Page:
Caribbean and Mexico All Inclusive Resorts Spared – Hurricane Laura Now Approaching U.S.

Hurricane Laura
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Tropical Storm Marco is now back to a tropical depression while Hurricane Laura gained strength over the warm waters of the Gulf and barrels toward the U.S.

In a nutshell: The Caribbean was battered by both Tropical Storms before Marco weakened and before the other strengthened to Hurricane Laura.  Tourists in Mexico’s Quintana Roo made it through the storms, which also spared its all-inclusive resorts and beaches.

Laura, which was still a Tropical Storm at the time, brought rain and wind to Puerto Rico over the weekend as well as evacuations due to potential flooding and mudslides.

The Dominican Republic and Haiti were also on high alert, especially after recent Hurricane Isaias passed through affecting the area. Tropical Storm Laura brought rain, wind, and disrupted power as she swept through the area.

According to the Weather Channel, Hurricane Laura is expected to go through the Gulf of Mexico into Wednesday and the conditions will be favorable for strengthening, but it could still shift.  Intense is an understatement if Laura takes on major hurricane strength to a Category 3 or stronger.  The Weather Channel also reported that it could make landfall in upper Texas or southwest Louisiana and even if it doesn’t become a major hurricane it could still produce storm surge, intense wind, and impactful rain.

You might be wondering what the difference is between a hurricane and a ‘major’ hurricane. It all has to do with the wind. A Category 1 will have a range of 74-95 mph whereas a Category 3, which is considered major, has winds of 111-129 mph.

The latest advisory from the National Hurricane Center shows Storm Surge Warnings for lower Texas and Tropical Storm and Hurricane Warnings from San Luis Pass, Texas to Intracoastal City, Louisiana.  Stay safe!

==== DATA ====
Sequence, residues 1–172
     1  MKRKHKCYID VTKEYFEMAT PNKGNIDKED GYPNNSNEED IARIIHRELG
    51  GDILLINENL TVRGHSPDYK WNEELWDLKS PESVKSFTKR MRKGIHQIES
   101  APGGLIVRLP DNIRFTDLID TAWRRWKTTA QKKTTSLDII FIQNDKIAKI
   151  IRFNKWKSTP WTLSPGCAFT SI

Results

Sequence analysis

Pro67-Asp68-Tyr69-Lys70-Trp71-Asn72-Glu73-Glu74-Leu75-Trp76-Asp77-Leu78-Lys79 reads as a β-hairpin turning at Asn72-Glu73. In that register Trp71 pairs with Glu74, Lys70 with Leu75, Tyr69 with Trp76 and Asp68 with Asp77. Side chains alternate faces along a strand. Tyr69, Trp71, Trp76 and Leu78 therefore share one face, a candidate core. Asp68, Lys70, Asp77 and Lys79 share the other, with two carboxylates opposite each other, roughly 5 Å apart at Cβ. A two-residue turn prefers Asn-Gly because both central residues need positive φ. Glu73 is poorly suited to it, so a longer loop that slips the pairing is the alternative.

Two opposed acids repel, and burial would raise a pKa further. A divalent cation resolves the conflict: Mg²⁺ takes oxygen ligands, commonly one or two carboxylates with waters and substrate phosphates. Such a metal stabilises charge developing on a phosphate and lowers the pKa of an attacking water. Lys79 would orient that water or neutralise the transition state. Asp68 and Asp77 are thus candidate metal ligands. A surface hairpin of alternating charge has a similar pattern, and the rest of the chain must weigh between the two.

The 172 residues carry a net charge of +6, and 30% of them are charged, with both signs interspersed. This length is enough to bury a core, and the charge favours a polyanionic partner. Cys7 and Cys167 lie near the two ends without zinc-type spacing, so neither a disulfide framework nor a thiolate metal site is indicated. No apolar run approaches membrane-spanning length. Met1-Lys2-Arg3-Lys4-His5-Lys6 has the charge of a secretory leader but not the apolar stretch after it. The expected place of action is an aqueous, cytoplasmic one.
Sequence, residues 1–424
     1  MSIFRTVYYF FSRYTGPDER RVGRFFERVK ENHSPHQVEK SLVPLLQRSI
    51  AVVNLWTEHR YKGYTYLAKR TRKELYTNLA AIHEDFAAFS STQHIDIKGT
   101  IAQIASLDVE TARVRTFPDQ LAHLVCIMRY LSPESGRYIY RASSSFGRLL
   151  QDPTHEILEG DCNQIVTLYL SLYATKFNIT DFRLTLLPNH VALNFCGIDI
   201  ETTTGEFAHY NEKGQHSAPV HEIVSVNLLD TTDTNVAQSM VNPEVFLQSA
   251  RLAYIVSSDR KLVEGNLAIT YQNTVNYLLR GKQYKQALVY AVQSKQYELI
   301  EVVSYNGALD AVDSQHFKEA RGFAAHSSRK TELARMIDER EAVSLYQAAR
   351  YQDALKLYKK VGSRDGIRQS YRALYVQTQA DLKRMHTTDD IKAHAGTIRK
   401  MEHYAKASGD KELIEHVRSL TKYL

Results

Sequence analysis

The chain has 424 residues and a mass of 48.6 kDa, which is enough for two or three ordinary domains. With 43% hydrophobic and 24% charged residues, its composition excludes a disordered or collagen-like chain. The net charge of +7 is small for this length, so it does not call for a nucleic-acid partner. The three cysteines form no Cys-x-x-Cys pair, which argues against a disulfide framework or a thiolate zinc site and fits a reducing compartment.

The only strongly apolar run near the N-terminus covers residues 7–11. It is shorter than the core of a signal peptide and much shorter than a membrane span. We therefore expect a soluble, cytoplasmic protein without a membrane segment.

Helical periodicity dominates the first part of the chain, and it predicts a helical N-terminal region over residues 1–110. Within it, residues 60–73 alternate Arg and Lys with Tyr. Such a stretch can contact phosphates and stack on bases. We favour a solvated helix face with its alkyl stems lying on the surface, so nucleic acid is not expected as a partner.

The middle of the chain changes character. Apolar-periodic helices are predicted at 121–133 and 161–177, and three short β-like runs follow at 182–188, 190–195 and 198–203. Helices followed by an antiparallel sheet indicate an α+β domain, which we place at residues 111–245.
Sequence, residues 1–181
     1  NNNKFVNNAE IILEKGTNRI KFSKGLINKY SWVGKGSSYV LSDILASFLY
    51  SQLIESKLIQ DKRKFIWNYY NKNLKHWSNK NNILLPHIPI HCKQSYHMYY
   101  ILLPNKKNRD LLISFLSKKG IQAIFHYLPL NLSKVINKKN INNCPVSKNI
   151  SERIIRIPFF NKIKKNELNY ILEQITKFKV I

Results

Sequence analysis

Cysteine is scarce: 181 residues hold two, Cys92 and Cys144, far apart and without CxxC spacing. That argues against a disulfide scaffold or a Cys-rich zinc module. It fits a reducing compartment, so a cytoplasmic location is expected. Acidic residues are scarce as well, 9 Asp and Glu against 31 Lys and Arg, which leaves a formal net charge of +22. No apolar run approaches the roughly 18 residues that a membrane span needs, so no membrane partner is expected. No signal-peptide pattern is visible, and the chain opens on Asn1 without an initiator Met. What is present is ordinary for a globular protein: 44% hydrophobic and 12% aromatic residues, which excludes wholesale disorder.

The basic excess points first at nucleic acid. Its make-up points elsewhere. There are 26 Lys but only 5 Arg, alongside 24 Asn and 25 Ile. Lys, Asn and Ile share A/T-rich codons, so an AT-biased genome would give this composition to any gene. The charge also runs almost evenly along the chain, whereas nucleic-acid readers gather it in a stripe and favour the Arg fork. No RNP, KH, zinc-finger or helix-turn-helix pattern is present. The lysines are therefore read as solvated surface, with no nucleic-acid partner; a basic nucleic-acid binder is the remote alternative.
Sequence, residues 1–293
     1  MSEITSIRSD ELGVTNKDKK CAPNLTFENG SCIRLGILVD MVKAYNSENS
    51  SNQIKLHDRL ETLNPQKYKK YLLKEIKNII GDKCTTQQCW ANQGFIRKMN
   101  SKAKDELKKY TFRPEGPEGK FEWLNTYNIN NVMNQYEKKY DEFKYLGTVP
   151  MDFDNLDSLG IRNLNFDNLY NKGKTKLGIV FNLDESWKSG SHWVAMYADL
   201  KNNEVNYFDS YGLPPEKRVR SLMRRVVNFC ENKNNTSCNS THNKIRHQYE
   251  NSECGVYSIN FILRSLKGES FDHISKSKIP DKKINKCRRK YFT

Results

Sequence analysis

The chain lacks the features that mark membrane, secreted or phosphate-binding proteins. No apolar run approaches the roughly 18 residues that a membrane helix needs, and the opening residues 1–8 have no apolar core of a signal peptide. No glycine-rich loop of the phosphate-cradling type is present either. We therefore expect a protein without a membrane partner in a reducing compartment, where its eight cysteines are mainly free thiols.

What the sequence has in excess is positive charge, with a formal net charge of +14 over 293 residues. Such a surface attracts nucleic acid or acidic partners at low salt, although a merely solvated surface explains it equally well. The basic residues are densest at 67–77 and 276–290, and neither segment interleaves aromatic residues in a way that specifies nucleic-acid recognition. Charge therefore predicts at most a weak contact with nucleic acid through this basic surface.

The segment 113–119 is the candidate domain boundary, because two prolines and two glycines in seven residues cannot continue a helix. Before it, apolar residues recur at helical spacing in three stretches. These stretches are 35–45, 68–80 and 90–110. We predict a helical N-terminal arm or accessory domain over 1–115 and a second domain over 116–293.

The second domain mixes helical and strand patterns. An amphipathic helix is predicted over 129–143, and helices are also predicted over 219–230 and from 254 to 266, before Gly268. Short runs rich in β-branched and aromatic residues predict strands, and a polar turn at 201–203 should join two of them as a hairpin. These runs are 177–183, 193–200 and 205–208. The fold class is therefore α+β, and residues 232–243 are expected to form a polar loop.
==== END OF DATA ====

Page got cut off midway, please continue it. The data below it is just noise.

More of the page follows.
What If You’re Traveling During Hurricane Laura (or any hurricane)?

  • Well, we’re only halfway through hurricane season so consider cancel for any reason (CFAR) insurance as it typically offers the best protection.
  • Work with a travel professional.
  • Consider destinations that are outside the “hurricane belt” … like Aruba.
  • Consider resorts that offer hurricane protection.

For example, if you’re considering Club Med – customers, aka G.M’s – automatically get Hurricane Protection.

If there is a (category 1 or higher) hurricane while you’re at your Club Med village, you will have access to a Future Travel Certificate. This will be for the value of the land portion for the number of nights of your stay. Certificates are valid for one year for villages in the U.S., Mexico, the Caribbean, and the Bahamas (Buccaneer’s Creek is excluded).

You don’t have to call Club Med as it will automatically be issued (I’d still call to follow-up though).

This is Club Med’s guaranteed protection at no cost and you can access full details here.

 

Don’t Miss:

Avoid Hurricanes – Try Curacao
Club Med – Playa Esmeralda in Unspoiled Miches

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About Donna Adinolfi - Editor-in-Chief 182 Articles
In addition to being our Editor-in-Chief, Donna Adinolfi is a wellness travel expert, a freelance writer, an award-winning photographer, and the founder/publisher of MindfulAdventures.com. Her 30+ year career includes serving as the Travel & Spa Editor of Balance Magazine as well as planning wellness travel & retreats. An avid fan of the freedom from carrying cash or credit cards, Donna loves to visit all-inclusive wellness resorts in the U.S, and traveling to some of Mexico's and the Caribbean's many all-inclusive resorts several times each year. She's also a member of the North American Travel Journalists Association.

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